Single-cell gene expression profiling was pioneered more than 20 years ago using exponential amplification of cDNAs by PCR and linear amplification by in vitro transcription. These protocols, as well as the subsequent availability of high-density microarrays, led to the application of these technologies to study cellular complexity. New single-cell capture approaches and nucleic acid amplification protocols, coupled with next-generation sequencing (NGS), have permitted the parallel sequencing of a large number of cDNA molecules and scaled down the amount of starting material required for whole transcriptome analysis.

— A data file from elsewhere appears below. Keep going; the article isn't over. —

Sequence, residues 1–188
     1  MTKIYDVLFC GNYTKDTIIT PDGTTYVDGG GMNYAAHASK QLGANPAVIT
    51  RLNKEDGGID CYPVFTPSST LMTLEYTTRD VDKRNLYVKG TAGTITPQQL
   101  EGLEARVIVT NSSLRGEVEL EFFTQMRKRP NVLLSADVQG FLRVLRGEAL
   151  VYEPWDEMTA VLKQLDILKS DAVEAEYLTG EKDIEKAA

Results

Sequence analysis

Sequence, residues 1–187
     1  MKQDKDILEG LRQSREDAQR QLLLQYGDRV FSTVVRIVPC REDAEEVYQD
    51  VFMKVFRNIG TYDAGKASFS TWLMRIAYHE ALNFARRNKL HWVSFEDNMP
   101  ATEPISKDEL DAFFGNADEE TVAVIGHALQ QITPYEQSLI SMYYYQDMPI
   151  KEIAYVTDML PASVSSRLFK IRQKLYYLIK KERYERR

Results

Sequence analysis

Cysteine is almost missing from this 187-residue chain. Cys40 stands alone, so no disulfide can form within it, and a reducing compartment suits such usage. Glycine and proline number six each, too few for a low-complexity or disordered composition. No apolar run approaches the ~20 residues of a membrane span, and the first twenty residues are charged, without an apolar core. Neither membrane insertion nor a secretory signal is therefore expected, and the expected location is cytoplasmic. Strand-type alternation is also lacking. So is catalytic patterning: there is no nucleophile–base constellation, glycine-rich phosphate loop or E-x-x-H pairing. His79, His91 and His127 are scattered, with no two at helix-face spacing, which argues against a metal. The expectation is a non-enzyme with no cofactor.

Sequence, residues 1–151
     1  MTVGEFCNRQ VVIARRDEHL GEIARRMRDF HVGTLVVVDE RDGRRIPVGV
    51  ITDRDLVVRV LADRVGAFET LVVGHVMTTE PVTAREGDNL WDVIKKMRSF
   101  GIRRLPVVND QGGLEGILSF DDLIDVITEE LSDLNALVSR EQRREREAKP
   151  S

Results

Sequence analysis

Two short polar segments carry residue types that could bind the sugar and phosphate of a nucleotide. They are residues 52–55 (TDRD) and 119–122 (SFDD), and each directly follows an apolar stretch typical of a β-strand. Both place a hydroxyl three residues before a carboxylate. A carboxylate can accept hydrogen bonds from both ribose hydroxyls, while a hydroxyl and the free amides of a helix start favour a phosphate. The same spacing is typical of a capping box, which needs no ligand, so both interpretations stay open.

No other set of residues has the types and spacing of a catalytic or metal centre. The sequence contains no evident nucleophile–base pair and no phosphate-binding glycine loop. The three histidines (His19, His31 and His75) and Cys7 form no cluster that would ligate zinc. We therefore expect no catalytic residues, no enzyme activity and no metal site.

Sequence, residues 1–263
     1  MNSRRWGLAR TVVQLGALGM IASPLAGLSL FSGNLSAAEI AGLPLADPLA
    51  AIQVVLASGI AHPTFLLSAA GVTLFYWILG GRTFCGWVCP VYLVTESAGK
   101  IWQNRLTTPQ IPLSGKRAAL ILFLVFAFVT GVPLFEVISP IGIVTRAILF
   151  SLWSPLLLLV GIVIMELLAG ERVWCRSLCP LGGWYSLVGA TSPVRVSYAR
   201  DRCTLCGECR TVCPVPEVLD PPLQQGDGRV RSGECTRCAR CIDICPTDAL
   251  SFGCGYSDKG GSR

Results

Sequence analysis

Researchers from Northwestern University review several methods that have been developed to isolate and capture cells for single-cell analysis, including manual or automated micropipetting, cytoplasmic aspiration, laser capture microdissection, FACS, and microfluidic and microdroplet devices. Following library generation, a limited number of genes can be assayed with multiplex qRT-PCR or the transcriptome of a cell can be characterized by RNA-seq. Several bioinformatic approaches allow clustering of cells and assigning identities on the basis of their gene expression profiles.